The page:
Major life events regarding close personal relationships may play a role in mortality.
Falling in love and engaging in hobbies is associated with a decrease in breast cancer mortality, a new study finds.
Prior research suggests that long-term activation of the body’s stress-response system and overexposure to stress hormones may be associated with increased morbidity. Despite this, evidence on the effects major life events have on mortality from breast cancer has remained inconclusive.
In a study published in Cancer Epidemiology, investigators sought to examine whether major negative or positive life events before or after diagnosis impacted mortality in women who had survived with breast cancer for a least 2 years.
The investigators used data on life events from a self-administered survey, as well as data on breast cancer from the Finnish Cancer Registry to conduct their case fatality study. Cox models were used to estimate breast cancer mortality hazard ratios between patients who underwent major life events and those who had not.
The results of the study showed that none of the prediagnostic negative life events had an effect on breast cancer mortality. For post-diagnostic events, the effect was greatest in women with moderate scores of events, according to the study.
Regarding event-specific scores, the investigators found an increase in breast cancer mortality with spouse unemployment, relationship issues, and death of a close friend. Contrastingly, falling in love and positive developments in hobbies were associated with lower mortality.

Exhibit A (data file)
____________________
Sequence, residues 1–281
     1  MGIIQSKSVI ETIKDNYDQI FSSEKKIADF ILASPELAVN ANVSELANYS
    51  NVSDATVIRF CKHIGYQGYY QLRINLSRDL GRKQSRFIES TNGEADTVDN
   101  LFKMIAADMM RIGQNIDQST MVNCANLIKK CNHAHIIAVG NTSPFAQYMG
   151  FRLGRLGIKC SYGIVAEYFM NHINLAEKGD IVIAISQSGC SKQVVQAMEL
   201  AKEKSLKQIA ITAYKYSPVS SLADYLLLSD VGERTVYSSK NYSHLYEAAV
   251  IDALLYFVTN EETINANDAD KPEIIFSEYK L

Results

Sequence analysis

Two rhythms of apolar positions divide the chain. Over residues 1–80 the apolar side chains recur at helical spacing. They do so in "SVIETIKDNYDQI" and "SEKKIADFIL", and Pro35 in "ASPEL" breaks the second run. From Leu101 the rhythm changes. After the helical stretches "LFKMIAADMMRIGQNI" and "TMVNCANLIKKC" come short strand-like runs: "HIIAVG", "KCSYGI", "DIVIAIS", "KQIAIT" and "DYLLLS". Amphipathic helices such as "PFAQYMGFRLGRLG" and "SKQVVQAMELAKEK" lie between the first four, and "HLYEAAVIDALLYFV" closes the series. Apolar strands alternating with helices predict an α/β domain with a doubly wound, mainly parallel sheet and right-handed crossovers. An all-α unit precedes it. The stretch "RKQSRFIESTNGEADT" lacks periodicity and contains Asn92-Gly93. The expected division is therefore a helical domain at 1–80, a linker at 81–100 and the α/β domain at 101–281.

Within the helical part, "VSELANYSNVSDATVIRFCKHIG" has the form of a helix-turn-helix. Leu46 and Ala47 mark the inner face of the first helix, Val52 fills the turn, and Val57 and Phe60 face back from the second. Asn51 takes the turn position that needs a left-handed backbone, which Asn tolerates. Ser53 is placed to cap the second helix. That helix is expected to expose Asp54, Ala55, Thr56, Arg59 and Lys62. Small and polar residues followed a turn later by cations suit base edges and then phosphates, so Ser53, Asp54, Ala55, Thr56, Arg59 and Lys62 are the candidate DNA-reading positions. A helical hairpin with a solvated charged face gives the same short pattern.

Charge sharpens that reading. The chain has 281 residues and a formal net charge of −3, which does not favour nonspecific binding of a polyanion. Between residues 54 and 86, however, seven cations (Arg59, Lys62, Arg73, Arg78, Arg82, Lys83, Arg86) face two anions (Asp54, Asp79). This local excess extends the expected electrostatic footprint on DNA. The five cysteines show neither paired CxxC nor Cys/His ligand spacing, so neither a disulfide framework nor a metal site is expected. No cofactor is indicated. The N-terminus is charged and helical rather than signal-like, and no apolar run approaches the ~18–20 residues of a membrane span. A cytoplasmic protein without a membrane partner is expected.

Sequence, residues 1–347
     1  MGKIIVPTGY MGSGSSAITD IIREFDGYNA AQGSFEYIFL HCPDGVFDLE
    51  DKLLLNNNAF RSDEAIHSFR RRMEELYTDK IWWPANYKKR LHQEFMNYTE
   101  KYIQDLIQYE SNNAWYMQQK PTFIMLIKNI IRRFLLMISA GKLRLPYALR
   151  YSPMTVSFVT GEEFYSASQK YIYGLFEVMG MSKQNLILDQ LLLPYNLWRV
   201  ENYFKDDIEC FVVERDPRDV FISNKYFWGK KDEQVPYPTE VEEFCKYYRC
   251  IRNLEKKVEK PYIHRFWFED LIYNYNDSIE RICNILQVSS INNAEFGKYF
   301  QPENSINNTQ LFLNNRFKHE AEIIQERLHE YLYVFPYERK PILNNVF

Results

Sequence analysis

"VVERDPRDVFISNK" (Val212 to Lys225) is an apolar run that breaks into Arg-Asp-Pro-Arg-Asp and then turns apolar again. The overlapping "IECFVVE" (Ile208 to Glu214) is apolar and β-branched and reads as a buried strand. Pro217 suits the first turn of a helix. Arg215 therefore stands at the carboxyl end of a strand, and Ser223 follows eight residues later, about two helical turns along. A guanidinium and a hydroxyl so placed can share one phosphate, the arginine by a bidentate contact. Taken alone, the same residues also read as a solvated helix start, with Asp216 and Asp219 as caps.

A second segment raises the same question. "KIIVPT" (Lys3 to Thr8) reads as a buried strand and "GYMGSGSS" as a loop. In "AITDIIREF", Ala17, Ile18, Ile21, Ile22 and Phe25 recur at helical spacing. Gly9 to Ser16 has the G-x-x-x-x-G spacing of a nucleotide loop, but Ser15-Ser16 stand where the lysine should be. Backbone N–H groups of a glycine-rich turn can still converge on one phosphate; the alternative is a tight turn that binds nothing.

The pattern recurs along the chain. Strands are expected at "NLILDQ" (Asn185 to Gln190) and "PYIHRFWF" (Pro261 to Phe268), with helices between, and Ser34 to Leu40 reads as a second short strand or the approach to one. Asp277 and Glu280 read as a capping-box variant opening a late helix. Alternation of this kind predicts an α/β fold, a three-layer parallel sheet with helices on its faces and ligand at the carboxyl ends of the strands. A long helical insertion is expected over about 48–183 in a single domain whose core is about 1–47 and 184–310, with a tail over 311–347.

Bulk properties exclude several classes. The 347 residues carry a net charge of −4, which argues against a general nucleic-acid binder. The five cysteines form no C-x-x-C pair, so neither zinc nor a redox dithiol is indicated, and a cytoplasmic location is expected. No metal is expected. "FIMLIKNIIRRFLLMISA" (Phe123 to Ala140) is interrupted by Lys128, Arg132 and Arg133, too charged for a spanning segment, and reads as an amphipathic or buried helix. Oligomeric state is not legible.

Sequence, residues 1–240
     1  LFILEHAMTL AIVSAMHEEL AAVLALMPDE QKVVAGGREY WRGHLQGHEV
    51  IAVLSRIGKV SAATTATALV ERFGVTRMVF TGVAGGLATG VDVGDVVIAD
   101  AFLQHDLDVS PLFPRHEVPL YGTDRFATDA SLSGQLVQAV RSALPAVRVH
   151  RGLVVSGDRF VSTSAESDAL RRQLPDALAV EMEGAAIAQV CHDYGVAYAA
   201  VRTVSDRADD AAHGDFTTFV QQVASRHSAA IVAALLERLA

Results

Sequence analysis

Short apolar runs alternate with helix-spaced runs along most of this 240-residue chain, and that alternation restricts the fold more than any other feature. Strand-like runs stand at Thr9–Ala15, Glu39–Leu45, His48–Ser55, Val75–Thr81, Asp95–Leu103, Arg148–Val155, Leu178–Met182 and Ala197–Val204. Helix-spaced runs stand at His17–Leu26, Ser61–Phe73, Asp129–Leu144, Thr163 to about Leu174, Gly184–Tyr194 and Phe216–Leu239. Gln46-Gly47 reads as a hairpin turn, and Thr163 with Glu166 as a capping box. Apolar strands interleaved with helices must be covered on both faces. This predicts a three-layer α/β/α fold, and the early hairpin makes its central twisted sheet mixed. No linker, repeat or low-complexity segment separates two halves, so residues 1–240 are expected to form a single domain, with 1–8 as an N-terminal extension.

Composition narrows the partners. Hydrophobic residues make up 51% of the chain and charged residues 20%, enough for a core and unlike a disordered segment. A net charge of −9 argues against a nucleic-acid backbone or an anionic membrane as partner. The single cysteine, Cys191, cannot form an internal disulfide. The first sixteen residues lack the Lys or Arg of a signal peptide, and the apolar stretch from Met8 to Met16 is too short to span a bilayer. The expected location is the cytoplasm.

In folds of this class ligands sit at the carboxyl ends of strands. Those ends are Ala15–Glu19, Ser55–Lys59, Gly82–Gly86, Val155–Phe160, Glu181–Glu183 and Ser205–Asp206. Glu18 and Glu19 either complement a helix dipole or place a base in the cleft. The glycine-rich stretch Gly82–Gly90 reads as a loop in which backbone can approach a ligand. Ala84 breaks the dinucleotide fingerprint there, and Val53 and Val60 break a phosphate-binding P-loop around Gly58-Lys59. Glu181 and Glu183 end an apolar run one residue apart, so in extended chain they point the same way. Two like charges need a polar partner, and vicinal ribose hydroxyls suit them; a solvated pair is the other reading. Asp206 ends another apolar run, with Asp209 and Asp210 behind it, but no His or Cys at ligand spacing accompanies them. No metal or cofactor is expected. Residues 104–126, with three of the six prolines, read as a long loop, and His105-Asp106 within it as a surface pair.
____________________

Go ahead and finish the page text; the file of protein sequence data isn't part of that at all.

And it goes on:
An analysis restricted to recently diagnosed cases, found that death of a child and of a mother was associated with increased breast cancer mortality.
“Some major life events regarding close personal relationships may play a role in [breast cancer]-specific mortality, with certain negative life events increasing [breast cancer] mortality and positive events decreasing it,” the authors concluded. “The observed favorable associations between positive developments in romantic relationships and hobbies and breast cancer mortality are likely to reflect the importance of social interaction and support.”
The authors noted that the findings indicate the importance of social interaction and an active lifestyle. Additionally, personalized mental and social support should be encouraged after diagnosis.